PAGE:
The Duchess of Sussex has spoken publicly for the first time about her struggles to deal with intense media scrutiny following her wedding, pregnancy, and the birth of her first child.
In a preview of an interview with ITV’s Tom Bradby about the couple’s official visit to South Africa, Meghan admitted feeling “really vulnerable” during her pregnancy and after the birth of her first child against a backdrop of negative headlines, including criticism for having a private christening.
The clip shows Bradby asking what the impact had been “on your physical and mental health of all the pressure that you clearly feel under?”
Appearing nervous, Meghan replies: “Look, any woman — especially when they’re pregnant — you’re really vulnerable, so that was made really challenging and when you have a newborn, you know... It’s really… It’s a lot. So you add this on top of just trying to be a new mom or trying to be a newlywed and it’s...yeah.”
She then adds: “Thank you for asking, ‘cause not many people have asked if I’m OK, but it’s a very real thing to be going through behind the scenes.”
Bradby, who travelled with the couple on their 10-day tour, continues: “And the answer is? Would it be fair to say not really OK? As in: it’s really been a struggle?” To which Mehgan responds: “Yes.”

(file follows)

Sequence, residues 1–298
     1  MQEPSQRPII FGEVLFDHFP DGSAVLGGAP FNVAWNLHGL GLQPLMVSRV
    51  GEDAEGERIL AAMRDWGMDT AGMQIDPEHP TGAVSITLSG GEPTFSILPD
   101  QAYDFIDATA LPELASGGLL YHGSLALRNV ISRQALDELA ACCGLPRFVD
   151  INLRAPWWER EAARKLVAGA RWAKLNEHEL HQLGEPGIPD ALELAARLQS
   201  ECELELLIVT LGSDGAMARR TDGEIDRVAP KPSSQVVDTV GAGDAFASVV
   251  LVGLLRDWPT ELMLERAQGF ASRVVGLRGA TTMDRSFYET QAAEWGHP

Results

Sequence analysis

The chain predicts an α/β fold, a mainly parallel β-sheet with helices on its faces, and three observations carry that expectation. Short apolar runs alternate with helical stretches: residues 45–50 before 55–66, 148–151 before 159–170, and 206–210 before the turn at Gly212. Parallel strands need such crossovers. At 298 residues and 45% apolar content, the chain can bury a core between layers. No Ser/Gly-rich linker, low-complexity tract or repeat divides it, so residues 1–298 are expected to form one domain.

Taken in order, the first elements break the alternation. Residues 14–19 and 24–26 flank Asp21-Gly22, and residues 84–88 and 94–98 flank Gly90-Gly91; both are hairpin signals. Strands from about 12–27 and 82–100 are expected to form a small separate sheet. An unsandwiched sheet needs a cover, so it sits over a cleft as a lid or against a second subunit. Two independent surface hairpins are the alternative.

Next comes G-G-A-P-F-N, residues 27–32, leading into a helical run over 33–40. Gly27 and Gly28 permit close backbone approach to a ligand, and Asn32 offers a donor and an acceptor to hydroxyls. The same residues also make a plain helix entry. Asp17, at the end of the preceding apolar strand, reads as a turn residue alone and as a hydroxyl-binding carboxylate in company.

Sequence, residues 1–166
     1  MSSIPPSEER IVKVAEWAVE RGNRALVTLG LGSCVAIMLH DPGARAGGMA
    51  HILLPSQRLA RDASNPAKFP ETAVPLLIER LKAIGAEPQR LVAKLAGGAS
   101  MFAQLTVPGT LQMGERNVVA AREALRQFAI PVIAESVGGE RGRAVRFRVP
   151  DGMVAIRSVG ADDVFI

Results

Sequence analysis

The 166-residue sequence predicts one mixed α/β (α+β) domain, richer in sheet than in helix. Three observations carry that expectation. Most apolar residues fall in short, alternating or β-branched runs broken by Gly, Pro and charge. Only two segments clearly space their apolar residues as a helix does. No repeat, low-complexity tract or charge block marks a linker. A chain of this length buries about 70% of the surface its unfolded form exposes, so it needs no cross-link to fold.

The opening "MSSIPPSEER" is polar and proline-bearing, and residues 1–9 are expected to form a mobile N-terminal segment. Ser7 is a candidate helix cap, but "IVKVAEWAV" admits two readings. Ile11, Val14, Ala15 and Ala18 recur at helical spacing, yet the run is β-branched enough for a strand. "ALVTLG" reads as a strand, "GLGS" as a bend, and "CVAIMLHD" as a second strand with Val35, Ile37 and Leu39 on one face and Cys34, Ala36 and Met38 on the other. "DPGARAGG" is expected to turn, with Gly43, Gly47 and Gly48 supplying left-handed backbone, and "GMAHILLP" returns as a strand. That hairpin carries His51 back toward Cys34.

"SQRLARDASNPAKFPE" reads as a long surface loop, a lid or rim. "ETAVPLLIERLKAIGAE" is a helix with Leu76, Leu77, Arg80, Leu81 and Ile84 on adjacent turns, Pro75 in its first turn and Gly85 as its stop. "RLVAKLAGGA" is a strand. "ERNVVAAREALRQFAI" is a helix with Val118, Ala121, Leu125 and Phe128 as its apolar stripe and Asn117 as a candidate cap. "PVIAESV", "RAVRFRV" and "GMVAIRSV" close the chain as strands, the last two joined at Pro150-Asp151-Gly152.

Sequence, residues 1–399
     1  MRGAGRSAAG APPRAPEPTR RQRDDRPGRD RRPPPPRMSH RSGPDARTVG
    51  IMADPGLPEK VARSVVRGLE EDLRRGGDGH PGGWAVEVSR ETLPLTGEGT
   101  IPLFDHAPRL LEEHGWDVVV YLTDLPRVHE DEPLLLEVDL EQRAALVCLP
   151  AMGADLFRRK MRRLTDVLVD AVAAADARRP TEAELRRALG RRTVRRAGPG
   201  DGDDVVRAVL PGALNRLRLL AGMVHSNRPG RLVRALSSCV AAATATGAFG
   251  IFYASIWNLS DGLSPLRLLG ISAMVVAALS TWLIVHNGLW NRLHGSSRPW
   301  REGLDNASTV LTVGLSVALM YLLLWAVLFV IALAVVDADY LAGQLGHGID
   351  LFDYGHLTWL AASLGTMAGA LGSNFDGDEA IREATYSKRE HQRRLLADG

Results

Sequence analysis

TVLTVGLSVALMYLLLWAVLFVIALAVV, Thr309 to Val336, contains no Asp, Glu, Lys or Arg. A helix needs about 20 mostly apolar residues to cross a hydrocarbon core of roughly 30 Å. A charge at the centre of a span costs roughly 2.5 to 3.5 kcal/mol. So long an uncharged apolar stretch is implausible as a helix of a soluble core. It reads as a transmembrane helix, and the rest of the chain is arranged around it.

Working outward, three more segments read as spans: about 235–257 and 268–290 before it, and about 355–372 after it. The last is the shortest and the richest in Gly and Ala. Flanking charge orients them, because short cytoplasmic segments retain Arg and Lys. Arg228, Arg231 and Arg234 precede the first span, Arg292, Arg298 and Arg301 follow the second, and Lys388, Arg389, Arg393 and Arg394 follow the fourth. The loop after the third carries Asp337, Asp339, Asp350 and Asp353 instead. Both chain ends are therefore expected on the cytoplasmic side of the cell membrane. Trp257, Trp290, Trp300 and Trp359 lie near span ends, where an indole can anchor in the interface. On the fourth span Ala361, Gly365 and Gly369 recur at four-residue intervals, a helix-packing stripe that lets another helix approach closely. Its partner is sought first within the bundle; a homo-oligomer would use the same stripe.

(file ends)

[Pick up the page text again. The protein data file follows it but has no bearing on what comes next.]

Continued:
During the tour, Prince Harry published a blistering statement on the Sussex Royal website, at the same time it was announced that Meghan was suing the Daily Mail over its publication of a private letter she had written to her father. The newspaper has denied any wrongdoing.
In his statement, Harry admonished the tabloid press for their “ruthless campaign” against his wife, adding: “There is a human cost to this relentless propaganda, specifically when it is knowingly false and malicious, and though we have continued to put on a brave face – as so many of you can relate to – I cannot begin to describe how painful it has been."
It was the second time Harry has made public interventions on his wife’s behalf, the first being when he accused newspapers of “crossing a line”, including harassment of Meghan’s family and close friends and the “racial undertones” of some of the reports about her mixed heritage.
Speaking about Harry in his special report, Bradby tells Meghan: “He’s obviously very concerned about protecting you, and protecting you from what he felt his mother went through.”
During the same trip, Harry told Bradby that his grief for his mother, Princess Diana, is still a "wound that festers", adding that press intrusion is “the worst reminder of her life as opposed to the best".
The full interview appears in the documentary Harry and Meghan: An African Journey which airs on ITV this Sunday at 9pm.